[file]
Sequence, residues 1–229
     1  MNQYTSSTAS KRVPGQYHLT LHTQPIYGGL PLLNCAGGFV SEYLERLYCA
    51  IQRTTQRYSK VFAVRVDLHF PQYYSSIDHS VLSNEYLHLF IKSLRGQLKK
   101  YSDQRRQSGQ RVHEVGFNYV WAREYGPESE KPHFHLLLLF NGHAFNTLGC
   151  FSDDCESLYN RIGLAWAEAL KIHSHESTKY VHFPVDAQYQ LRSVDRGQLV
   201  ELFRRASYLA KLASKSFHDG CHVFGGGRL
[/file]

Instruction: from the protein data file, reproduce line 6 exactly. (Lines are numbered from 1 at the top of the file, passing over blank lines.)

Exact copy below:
   201  ELFRRASYLA KLASKSFHDG CHVFGGGRL